GALLERY: At the Capitol, a day of remembrance and action for those affected by opioid, substance abuse

    A crowd gathers on the Capitol steps to remember loved ones lost to opioid, substance abuse. (Capital-Star photo by Cassie Miller).

    On Monday morning, the Pennsylvania chapter of Team Sharing, a support and advocacy group for mothers and fathers who have lost children to substance abuse, joined grieving families on the Capitol steps to remember their loved ones and call for more action from leaders in Harrisburg in addressing substance abuse and opioid addiction across the commonwealth.

    The 361-member group, donned purple shirts and ribbons for the somber occasion, placing tributes to their lost loved ones on the Capitol steps.

    State Rep. Tom Mehaffie, R-Dauphin, shared the story of his cousin, who died as a result of opioid addiction, reminding attendees that the effects of addictions are both close-to-home and far-reaching. Mehaffie asked the crowd of grieving onlookers what he could do to help.

    In response, the group called for Gov. Tom Wolf to lower the flag in remembrance of those who have lost their lives to Pennsylvania’s ongoing opioid epidemic.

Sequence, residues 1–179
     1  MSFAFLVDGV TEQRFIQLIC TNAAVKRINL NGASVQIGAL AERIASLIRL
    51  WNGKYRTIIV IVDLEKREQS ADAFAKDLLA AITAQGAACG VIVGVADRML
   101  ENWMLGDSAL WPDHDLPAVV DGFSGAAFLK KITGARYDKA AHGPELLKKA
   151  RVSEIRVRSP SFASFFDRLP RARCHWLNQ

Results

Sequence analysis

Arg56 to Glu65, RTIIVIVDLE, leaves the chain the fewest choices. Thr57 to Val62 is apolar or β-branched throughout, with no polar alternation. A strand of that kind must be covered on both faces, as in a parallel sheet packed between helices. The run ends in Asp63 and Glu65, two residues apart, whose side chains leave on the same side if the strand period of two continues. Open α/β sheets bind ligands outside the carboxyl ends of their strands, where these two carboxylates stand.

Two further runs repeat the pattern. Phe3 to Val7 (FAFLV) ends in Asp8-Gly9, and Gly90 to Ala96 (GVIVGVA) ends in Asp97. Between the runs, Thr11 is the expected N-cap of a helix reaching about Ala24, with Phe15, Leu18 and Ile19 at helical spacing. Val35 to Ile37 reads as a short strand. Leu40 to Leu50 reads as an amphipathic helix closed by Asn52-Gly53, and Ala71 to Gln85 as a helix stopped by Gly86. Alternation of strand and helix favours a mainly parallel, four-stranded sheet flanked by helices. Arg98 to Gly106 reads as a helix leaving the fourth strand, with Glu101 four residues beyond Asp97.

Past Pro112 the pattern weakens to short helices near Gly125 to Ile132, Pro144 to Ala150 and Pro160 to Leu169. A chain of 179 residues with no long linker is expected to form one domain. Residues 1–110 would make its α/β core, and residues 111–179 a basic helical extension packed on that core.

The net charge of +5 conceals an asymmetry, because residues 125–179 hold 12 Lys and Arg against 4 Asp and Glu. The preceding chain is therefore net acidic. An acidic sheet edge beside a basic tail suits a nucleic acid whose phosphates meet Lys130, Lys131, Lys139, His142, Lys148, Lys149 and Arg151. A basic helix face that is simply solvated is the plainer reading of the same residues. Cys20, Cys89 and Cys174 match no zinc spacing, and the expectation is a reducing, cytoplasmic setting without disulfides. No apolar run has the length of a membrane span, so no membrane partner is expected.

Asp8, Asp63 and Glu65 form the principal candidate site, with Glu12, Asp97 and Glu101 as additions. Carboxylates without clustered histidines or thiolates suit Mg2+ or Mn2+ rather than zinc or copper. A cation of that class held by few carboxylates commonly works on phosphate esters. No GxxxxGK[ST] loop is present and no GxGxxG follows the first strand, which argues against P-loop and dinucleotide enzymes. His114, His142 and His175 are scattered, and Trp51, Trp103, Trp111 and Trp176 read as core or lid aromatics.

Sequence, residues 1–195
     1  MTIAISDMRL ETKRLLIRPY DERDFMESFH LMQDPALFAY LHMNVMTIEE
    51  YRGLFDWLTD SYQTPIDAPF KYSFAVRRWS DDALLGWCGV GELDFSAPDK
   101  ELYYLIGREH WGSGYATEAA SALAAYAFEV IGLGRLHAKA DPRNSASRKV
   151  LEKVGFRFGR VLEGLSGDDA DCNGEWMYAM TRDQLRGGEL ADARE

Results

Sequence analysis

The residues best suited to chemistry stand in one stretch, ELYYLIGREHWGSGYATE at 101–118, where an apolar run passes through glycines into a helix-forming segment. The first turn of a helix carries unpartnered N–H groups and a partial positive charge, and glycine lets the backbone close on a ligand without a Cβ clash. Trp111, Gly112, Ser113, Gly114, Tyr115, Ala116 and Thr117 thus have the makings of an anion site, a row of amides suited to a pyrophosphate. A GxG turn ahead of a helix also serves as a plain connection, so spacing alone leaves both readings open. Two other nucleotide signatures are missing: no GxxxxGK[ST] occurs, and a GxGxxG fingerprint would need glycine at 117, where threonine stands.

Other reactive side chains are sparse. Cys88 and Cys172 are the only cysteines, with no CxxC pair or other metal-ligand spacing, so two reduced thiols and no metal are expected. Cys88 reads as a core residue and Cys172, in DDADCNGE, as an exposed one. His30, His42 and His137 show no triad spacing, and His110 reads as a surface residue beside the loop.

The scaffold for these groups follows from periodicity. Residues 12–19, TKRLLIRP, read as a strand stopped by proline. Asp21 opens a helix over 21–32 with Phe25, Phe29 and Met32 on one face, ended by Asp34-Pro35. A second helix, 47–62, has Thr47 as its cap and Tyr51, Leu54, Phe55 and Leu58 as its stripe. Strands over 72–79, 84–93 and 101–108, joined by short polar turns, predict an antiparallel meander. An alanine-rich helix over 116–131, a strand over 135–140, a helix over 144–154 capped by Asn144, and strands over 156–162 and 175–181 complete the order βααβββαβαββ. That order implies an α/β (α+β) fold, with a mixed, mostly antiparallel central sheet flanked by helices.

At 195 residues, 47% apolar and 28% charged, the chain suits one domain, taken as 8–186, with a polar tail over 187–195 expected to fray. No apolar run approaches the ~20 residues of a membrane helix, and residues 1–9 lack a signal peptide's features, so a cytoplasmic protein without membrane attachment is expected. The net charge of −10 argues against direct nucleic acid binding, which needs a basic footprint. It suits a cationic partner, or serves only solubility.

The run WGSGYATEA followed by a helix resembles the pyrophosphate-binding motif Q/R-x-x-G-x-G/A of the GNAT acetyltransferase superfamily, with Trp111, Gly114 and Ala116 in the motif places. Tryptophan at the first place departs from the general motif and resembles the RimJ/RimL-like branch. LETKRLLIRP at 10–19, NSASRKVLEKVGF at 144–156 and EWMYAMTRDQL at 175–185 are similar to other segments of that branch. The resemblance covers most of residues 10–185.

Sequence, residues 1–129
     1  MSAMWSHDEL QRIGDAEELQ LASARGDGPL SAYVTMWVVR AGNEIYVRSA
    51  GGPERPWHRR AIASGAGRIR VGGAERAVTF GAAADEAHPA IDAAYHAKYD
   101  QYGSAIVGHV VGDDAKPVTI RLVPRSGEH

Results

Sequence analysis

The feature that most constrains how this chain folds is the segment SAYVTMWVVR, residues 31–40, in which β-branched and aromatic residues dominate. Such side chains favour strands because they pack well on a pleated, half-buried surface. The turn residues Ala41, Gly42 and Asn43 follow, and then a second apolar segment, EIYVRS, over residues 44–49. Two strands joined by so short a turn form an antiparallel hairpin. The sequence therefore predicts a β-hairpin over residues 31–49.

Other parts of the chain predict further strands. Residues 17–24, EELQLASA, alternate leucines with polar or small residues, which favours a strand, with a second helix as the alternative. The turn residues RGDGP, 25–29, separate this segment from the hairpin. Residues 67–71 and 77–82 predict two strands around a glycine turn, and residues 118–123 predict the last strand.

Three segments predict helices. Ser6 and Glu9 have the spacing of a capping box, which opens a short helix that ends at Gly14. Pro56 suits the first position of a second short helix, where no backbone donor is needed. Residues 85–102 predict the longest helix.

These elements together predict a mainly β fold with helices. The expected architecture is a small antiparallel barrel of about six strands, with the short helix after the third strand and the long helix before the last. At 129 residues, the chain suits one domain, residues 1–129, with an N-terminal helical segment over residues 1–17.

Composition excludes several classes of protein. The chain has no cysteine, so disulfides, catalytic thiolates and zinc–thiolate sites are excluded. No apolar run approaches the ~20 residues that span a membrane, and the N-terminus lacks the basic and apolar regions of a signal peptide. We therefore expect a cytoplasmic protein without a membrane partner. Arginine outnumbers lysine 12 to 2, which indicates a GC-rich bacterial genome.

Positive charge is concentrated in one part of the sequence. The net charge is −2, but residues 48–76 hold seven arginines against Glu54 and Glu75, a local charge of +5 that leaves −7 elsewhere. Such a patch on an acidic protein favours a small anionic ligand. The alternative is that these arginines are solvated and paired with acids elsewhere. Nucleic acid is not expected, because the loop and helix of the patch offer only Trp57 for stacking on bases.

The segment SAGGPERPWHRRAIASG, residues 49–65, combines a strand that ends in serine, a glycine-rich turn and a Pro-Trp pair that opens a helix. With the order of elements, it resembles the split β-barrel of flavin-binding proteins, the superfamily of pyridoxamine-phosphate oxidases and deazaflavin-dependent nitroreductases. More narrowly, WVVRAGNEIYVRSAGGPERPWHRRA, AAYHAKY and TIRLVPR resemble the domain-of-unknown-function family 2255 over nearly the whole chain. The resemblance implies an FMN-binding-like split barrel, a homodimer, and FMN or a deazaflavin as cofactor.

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    “We need support from our leaders,” said Dr. Harold Einsig, a pain management specialist whose son Darion, died of an opioid overdose.

    Monday, Einsig said, was Darion’s birthday. He would have been 26.

    Einsig specializes in offering opioid-free pain management alternatives to his patients. A practice he has been doing for two decades, he said, calling on his colleagues to offer more alternatives.

    Below is a gallery from the event.

     

    Cassie Miller
    A native Pennsylvanian, Cassie Miller worked for various publications across the Midstate before joining the team at the Pennsylvania Capital-Star. In her previous roles, she has covered everything from local sports to the financial services industry. Miller has an extensive background in magazine writing, editing and design. She is a graduate of Penn State University where she served as the campus newspaper’s photo editor. She is currently pursuing her master’s degree in professional journalism at the University of Nebraska-Lincoln. In addition to her role at the Capital-Star, Miller enjoys working on her independent zines, Dead Air and Infrared.